OPEC’s Declaration of Cooperation is a unique platform that facilitates cooperation between 23 oil-producing countries based on mutual respect, trust, and dialogue. They share information and lessons learned by other energy states. We urge everyone to listen to the speech by the OPEC Secretary General at Namibian International Energy Conference as well as do some well-informed journalistic work on these issues rather than being drawn into gossip inuendo and slander .

OPEC has expanded its dialogues with China, India, Russia, and the US, as well as with international organizations and global corporations. The majority of OPEC members are African. Working with others states in a cooperative manner provides the much needed stabilizing force in the energy markets and saved the energy industry from collapsing and in returned paved the way for energy companies to invest hundreds of millions of dollars to explore for energy offshore Namibia with some amazing results.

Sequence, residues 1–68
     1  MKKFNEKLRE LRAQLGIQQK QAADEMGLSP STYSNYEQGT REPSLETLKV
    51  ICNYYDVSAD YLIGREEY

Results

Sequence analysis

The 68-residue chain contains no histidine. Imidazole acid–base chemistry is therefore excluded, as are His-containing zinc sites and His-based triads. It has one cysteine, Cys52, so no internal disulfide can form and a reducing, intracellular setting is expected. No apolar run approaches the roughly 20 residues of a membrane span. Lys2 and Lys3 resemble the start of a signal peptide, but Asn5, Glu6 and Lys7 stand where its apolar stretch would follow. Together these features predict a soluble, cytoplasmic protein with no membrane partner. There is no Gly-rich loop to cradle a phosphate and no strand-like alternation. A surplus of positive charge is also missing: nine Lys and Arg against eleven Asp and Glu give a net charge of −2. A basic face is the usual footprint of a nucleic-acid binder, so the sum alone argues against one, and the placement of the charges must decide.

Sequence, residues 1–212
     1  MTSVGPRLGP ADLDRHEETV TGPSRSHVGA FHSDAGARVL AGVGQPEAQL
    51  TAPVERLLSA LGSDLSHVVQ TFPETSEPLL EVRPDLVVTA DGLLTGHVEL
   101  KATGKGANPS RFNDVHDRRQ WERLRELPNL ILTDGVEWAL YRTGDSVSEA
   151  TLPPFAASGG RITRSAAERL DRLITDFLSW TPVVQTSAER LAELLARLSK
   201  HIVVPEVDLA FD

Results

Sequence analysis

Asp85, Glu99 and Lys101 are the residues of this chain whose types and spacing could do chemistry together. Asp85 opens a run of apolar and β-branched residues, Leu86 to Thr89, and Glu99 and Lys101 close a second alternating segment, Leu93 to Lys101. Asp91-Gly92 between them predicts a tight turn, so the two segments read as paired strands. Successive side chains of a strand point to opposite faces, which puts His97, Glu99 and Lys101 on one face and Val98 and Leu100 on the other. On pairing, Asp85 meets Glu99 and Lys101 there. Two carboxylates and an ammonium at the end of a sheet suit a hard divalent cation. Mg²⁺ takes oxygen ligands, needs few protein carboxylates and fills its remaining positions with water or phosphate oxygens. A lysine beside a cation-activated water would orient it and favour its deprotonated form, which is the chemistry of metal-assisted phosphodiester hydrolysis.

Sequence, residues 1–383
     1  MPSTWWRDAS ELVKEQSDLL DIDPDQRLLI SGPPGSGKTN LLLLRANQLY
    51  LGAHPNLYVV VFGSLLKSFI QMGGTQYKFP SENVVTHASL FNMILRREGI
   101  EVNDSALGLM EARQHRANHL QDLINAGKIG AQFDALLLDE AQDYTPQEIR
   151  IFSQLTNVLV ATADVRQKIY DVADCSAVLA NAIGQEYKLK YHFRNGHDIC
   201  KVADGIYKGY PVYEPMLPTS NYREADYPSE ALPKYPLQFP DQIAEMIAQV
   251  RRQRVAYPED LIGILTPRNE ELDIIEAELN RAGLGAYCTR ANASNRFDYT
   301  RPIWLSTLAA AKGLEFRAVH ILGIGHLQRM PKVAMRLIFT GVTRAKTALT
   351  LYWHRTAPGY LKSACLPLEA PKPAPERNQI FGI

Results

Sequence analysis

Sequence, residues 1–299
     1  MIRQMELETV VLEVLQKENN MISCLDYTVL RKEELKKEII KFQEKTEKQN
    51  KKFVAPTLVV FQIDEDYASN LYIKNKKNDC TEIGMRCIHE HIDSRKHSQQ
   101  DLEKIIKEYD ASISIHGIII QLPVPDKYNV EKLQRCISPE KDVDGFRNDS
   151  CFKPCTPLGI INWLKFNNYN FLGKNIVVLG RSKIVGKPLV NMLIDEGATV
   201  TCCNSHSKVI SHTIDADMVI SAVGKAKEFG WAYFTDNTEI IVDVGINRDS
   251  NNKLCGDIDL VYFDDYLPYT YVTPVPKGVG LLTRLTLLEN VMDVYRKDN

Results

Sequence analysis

For the African Energy Chamber, the criticism, consistent slander and repetition of gossip from “The Namibian” newspaper does not have any merit. We really do not care about the hit jobs you seek to carry out on your new found hate figure because we know “The Namibian” newspaper has an obsessive love affair with the AEC and its leadership. If these criticisms were objective and more even-handed, they probably could keep people more against our leadership or the AEC. Our 4 million strong membership continues.